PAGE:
Ready for 1:1? Check this list before you answer

7/16/2009 8:30:00 AM

Check this list before you start your 1:1 program -- or to improve an existing program. 

Search for more funding:  The state may be providing machines and some training/support but I will guarantee it will not be enough. Questions to ask yourself: What extra financial resources can be deployed by the school? How much can the photocopying/textbook budget be scaled back? What needs to be done to the infrastructure of the school and classrooms?

Support Professional Development. Training must be innovative, especially in the creation of time and space to learn. Most of the budget allocation should go to training staff and ongoing teacher professional learning rather than ‘nuts and bolts’ stuff. PLNs are very inexpensive options. Models of continuous learning rather than outdated one-off training programs are needed. Mostly, it is about a changed mindset.

Create a small, motivated team to do some thinking and proposing to the whole staff. The team could include the librarian, a classroom teacher, and member of the senior executive as well as the “tech brains” at the school. This is for the committed and able—not just to meet but to determine what your school really needs and how to get it.

Create high expectations of, and from, the school leadership. If leaders can’t turn on the laptop, engage in meaningful conversation about the impact of digital technologies on pedagogy and most importantly, show a willingness to learn, fail and smile (most of the time) through the challenge, it is unlikely their troops will buy into the rhetoric. The “talking the talk and walking the walk” cliche is important.

Create Procedures and protocols. The devil is in the detail and it is essential that the practical realities of ubiquitous laptops usage is given a high priority. However, the temptation will be to focus on this rather than pedagogy. What happens when it rains and not all students have shelter? What do I do if my laptop is broken or stolen? What are the rules? Where can I find the policies, procedures, and protocols? Some brainstorming sessions with students, staff and parents will raise a host of unanswered questions. Find the answers!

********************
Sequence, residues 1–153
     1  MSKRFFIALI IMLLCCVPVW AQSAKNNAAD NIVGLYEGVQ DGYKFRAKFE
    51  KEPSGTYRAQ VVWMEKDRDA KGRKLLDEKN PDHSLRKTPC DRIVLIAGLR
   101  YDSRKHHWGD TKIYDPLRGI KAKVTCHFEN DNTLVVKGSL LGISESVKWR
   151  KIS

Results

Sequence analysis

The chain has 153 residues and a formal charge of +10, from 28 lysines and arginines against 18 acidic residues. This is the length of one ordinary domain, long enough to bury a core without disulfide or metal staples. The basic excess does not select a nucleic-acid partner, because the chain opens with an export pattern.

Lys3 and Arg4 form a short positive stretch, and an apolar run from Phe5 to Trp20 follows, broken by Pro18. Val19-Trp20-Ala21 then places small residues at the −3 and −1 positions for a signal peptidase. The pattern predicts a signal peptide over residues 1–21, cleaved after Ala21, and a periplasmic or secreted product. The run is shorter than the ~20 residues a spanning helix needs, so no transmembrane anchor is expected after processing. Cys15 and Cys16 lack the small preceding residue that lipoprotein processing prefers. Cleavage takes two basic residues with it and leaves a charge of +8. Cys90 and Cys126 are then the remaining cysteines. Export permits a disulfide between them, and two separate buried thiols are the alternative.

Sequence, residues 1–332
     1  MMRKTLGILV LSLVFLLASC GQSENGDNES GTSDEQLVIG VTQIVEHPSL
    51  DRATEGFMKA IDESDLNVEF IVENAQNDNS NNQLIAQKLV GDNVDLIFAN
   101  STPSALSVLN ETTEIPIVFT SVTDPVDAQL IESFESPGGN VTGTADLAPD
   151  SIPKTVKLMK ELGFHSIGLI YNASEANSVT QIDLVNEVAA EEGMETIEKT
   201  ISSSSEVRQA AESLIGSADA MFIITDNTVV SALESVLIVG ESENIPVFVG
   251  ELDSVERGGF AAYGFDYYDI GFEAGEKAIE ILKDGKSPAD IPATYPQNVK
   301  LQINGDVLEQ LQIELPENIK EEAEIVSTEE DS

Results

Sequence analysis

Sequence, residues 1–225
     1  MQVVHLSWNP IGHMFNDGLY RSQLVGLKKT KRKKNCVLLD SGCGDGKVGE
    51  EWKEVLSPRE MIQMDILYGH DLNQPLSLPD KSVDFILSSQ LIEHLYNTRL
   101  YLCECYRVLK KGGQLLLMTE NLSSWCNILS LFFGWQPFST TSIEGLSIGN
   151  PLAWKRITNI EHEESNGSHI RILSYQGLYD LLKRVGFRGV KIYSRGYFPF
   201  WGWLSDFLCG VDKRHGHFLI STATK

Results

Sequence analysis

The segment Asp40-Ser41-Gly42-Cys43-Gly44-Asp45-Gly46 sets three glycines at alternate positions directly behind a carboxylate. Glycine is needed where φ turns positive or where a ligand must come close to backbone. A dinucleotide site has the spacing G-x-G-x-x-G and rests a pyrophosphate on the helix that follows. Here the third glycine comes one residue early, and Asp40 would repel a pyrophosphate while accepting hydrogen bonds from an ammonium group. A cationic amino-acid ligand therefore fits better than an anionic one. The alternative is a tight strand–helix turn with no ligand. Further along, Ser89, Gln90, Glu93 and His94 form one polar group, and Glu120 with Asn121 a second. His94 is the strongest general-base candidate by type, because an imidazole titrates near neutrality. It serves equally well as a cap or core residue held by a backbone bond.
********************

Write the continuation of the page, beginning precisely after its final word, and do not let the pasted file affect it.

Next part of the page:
Keep students in the loop. Have the Student Council provide leadership and be part of the formal and informal dialogue. Distribute ideas, queries, enthusiasms, and fears. Teach them about the importance of posture and raise awareness about ergonomics and best practice. All students must be able to and often access their email and MOODLE accounts. Make it worth their while to access these accounts!

Advocate appropriate models of pedagogy and encourage staff to think differently about what an effective lesson format might be. Provide examples and dynamic presentations that model effective learning experiences. The school must insist that an appropriate range of pedagogies are employed. The concept of a “Personal Learning Environment” is fundamental to having the entire school community understand the paradigm shift that ubiquitous laptop usage (with good wireless) can facilitate.

Keep the parents and the community informed. Help them understand Web 2.0, cybersafety, and other digital technologies. Communicate using these technologies. What can parents do to support? Talk about practical and theoretical issues. How can my son or daughter ensure their posture is good when using their machine? What happens if…?

Reflect. The continuous cycle that incorporates and acts on this reflection permits failure and allows for renewal. Innovation and risk-taking are encouraged and stagnancy resisted at all costs. Everyone must be free to be critical. We also all need suggestions for the future.

Darcy Moore is deputy principal at Dapto High School, Dapto, NSW, Australia in 2006. He has been active in the NSW English Teachers’ Association especially as Manager of the Web & Technology Committee. Read more on Darcy’s blog: http://darcymoore.net/

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